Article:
Applying human-centered design to virtual conference planning

By Kristine Glauber, Ben Miller and Christine Ogilvie Hendren

1. Kristine Glauber (biography)
2. Ben Miller (biography)
3. Christine Ogilvie Hendren (biography)

What is needed to envision and create a virtual conference at which attendees have direct agency in execution of customized, richly interactive sessions?

We share three guideposts from a human-centered design framework in recasting the 11th Annual International Science of Team Science Conference from a face-to-face to a virtual meeting after the emergence of the COVID-19 pandemic.

Develop your design principle

Develop your goals for the meeting overall and each individual conference element.These can be referenced when making decisions about how to accomplish a particular task. By identifying the specific goals for your event at the beginning, you can tailor the interactions to meet your attendees’ needs.

Our design principle for the 2020 Science of Team Science conference was to host a virtual conference that would create and nurture connections through interactive, easy-to-navigate, and highly customizable conference elements that preserved our invited and accepted speakers’ opportunity to share their work.

We designed the virtual conference program to include a mix of consistent daily synchronous elements with varying interaction levels and flexibility, as well as on-demand asynchronous elements (“Lightning Talks”). To provide interactive discussion conditions and to confer some agency over conversation size, topic, and format, we created two new session formats within the synchronous activities – the Choose Your Own Adventure Break Out Sessions and Coffee Chats.

A summary of the program is shown in the following figure. The unique conference activities, including the lightning talks, choose your own adventure break-out sessions and coffee chats are described in the table at the end of this blog post.

Science of Team Science 2020 Live Program Schedule. Symmetry in conference elements was prioritized to reduce cognitive burden of scheduling and logistics. Source:

Understand your attendees’ wants, needs… and actual behavior

A foundational tenet of human-centered design is knowing the humans who will use your system well enough to understand their needs, desires, and behaviors.

In our case, the Science of Team Science brings together people who study, practice, teach, and support interdisciplinary research carried out by teams, seeking the best approaches for solving complex problems. This nexus of disciplinary, epistemic, and sectoral diversity means that what our attendees want from the conference is very different depending on whether they:

  • study team-based research to better understand how to do it more effectively, and/or
  • implement findings from the field of the science of team science to run their research program more efficiently, and/or
  • teach and prepare researchers to perform team science.

Our design process was iterative and informed by conversations with conference stakeholders and longtime leaders in the Science of Team Science community and our collective experiences at previous Science of Team Science conferences, as well as their formal evaluations. Further, in light of quarantine measures in response to COVID-19, members of our planning team experienced various constraints on their time and attention, influenced by shifting personal and professional responsibilities—such as changes in workloads and schedules, childcare duties, and video conferencing fatigue—and we knew the same would be true of conference attendees.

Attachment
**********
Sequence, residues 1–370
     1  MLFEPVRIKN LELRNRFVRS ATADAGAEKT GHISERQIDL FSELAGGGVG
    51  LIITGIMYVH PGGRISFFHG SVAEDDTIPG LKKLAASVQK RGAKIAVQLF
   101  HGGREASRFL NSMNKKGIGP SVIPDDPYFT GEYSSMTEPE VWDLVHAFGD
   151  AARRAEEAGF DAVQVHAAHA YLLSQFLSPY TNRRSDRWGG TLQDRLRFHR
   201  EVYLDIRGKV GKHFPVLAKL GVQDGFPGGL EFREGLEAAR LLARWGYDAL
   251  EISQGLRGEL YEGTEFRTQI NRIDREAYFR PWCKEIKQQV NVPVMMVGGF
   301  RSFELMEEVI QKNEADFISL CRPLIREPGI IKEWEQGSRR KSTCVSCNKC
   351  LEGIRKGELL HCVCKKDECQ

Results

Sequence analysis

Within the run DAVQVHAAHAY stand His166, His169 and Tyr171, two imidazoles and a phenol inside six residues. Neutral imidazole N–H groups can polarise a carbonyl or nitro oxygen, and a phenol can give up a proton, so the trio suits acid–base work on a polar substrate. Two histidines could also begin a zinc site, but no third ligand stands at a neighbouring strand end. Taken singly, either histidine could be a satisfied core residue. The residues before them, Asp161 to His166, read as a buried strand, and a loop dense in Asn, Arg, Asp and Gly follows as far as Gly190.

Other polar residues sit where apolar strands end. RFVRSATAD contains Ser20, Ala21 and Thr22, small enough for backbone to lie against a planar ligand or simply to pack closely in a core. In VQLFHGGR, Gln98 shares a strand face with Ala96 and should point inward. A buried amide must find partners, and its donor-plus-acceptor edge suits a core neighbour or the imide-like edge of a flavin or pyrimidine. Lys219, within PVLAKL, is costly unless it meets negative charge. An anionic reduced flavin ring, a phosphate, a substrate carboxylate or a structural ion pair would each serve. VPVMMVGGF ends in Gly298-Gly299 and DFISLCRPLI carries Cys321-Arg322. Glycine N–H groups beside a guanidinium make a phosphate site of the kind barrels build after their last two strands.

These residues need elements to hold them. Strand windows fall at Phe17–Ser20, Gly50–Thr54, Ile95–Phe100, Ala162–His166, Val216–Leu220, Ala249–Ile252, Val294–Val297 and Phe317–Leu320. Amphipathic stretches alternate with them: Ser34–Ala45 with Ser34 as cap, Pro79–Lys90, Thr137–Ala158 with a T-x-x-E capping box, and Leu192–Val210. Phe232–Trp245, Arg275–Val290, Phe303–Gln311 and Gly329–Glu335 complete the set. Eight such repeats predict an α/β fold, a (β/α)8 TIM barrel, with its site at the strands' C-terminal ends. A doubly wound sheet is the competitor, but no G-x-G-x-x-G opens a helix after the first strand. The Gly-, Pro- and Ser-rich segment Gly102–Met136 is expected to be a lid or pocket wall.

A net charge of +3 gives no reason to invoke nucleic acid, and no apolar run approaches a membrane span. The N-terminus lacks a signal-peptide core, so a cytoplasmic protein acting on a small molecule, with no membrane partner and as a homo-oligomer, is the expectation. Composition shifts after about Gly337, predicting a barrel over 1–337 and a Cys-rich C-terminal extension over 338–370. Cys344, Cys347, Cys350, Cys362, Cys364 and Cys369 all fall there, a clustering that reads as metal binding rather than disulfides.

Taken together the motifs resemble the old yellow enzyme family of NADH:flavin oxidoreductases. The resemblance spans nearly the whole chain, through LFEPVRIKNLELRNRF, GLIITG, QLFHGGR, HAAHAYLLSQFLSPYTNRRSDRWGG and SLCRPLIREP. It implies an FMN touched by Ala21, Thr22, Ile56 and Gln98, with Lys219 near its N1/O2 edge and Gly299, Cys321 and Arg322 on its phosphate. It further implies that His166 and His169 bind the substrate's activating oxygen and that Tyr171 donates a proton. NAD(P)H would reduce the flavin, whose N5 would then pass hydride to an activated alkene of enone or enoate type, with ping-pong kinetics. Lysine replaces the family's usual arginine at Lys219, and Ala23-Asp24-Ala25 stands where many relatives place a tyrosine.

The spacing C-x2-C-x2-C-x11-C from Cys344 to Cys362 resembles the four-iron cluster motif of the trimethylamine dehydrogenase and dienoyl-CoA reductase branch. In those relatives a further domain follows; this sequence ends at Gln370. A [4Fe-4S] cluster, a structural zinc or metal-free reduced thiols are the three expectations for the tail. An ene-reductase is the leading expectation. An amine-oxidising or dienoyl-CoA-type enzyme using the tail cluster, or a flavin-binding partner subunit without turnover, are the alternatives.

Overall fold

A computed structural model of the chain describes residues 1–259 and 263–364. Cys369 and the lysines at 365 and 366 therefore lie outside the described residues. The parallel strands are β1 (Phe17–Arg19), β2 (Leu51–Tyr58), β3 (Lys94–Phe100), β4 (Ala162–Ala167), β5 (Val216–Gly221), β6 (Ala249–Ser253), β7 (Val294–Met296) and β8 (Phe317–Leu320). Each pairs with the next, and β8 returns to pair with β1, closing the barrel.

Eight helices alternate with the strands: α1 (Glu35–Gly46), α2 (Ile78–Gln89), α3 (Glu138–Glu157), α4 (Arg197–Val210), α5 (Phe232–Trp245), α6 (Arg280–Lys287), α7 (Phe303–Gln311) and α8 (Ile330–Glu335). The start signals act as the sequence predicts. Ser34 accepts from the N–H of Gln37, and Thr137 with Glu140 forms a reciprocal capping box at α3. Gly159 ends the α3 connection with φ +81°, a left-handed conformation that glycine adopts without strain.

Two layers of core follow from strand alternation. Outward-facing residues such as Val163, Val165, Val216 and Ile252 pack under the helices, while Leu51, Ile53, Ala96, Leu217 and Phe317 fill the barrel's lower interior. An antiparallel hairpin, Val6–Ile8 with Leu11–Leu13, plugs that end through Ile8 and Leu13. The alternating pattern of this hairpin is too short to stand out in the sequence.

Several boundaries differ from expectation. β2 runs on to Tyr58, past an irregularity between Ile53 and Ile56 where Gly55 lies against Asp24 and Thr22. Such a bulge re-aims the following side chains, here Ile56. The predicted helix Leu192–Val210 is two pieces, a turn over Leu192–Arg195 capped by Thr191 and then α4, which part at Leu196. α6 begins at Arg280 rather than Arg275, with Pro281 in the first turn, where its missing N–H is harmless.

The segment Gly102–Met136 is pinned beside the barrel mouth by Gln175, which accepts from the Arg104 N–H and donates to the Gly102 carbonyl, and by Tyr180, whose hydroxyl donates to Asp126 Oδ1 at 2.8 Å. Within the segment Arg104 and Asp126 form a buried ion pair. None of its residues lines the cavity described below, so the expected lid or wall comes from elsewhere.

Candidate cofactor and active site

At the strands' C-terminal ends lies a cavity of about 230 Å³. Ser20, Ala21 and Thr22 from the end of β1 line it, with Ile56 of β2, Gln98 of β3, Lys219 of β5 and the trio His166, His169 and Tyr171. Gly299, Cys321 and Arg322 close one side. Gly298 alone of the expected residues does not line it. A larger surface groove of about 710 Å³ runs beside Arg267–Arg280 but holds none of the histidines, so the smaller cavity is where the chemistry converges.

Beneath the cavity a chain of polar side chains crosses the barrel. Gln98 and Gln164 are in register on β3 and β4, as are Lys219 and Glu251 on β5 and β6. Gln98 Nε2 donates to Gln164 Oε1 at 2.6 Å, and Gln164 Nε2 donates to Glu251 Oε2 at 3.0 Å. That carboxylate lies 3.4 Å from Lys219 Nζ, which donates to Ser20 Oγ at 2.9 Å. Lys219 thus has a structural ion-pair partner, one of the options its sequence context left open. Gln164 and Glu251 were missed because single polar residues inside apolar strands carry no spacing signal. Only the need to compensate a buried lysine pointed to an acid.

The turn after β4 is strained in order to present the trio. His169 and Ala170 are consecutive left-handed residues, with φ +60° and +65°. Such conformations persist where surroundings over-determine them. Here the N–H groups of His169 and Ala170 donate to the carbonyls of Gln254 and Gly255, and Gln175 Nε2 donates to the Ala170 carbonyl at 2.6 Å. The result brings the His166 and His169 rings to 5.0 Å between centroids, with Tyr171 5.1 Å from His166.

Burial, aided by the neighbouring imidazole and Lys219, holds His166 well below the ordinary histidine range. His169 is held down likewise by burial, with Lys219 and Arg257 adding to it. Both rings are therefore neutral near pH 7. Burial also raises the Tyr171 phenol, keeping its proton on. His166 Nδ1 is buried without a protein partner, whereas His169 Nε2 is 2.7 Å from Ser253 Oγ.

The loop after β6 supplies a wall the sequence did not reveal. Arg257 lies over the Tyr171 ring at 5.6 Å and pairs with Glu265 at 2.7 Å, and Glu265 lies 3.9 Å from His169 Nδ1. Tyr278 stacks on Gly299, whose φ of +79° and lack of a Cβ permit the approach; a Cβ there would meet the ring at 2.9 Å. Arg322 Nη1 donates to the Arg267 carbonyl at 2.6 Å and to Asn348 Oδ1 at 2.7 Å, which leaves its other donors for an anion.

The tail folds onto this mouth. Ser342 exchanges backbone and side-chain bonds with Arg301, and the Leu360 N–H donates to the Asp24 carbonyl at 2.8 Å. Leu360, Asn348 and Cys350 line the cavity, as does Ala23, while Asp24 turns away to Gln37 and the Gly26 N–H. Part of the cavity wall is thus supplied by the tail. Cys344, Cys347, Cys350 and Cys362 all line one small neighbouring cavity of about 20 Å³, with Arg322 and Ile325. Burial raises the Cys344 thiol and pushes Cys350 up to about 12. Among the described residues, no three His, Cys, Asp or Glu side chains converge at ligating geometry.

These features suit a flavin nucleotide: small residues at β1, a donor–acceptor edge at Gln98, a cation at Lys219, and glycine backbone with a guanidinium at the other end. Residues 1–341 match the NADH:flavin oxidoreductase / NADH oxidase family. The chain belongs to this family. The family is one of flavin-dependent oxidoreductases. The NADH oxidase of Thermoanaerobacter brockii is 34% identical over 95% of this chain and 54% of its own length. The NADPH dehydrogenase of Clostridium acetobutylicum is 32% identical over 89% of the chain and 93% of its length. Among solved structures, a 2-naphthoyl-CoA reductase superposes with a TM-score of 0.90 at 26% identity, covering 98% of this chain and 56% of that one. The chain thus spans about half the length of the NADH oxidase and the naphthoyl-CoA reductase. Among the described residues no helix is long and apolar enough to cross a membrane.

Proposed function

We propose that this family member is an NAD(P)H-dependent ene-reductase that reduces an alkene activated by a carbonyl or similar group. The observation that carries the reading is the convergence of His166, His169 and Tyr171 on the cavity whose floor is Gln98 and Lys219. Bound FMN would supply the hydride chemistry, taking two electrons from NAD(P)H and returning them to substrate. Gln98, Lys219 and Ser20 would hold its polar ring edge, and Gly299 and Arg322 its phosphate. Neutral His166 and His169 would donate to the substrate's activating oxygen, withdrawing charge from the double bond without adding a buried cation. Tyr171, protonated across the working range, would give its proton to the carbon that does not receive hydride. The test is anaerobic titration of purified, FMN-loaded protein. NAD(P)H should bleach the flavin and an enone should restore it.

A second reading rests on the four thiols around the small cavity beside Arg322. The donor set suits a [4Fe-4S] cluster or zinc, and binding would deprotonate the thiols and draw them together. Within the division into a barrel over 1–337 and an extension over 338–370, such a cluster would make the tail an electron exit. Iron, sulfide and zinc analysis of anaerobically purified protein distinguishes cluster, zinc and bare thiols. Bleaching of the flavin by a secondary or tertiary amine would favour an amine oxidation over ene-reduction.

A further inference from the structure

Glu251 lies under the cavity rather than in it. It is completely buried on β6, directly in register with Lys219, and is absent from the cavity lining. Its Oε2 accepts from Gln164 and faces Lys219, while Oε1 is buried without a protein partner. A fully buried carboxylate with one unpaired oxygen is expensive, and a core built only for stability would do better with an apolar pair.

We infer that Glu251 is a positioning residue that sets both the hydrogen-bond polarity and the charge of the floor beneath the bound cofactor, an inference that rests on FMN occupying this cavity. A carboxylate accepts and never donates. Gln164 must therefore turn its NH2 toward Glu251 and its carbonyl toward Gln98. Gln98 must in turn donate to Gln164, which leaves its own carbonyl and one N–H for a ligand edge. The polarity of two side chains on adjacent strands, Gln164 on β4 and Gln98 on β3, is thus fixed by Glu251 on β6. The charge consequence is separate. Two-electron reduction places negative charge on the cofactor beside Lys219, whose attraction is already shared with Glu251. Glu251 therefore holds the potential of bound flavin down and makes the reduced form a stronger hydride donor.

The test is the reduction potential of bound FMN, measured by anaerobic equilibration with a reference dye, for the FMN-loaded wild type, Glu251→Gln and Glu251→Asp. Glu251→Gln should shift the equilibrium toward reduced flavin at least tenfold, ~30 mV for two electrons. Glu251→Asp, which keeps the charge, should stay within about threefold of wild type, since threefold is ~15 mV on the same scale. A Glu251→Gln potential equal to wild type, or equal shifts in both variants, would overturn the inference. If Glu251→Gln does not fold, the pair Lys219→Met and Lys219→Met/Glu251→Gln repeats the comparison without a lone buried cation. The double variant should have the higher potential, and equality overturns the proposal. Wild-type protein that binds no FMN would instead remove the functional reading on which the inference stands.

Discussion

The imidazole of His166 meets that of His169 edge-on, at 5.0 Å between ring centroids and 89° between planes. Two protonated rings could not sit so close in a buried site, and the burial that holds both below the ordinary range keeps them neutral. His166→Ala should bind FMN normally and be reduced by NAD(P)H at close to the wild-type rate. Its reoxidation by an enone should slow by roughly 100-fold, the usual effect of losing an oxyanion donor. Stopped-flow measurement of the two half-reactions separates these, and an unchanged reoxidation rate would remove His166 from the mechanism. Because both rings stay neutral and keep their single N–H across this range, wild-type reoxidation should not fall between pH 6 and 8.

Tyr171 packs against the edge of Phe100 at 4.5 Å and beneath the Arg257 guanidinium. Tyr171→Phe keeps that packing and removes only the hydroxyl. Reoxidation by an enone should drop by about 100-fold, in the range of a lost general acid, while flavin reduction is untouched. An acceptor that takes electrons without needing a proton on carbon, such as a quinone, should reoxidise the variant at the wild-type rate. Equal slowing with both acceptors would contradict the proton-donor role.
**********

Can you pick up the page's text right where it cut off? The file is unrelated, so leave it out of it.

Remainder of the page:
With these factors in mind, we designed the synchronous and asynchronous elements to make it easy for attendees to consume content on their schedule as much as possible. Our aim was to reduce the emotional burden on our attendees, to minimize the feeling that they’d missed too much by stepping away, and to encourage them to keep coming back for more.

The design attributes of the event that were intended to enable this customizable experience included limiting every session type to no more than 90 minutes, varying the format type and required attention span (from invited panels featuring experts on conference themes, to workshops, to informal discussions), and creating conditions to welcome interested community members into the drivers’ seat for their own and others’ experiences.

Design and implementation of technical platforms: Focus on clarity and simplicity

For a virtual event, the hosts must provide clear, consistent communication about “where to go,” and create a virtual environment that is easy to navigate. This reduces complexity and cognitive burden, allowing attendees to focus their energy on engaging with the content.

We created the conference “Home Base” to serve as a hub for all conference-related information (see table below) and updated it daily to emphasize what attendees needed to know that day.

To guide participants through each day in the absence of a printed program or concierge desk, we created a dedicated landing page for each day of the conference, containing all program details, Zoom links, and other necessary information. We used the Home Base and a daily morning email to direct attendees to these pages.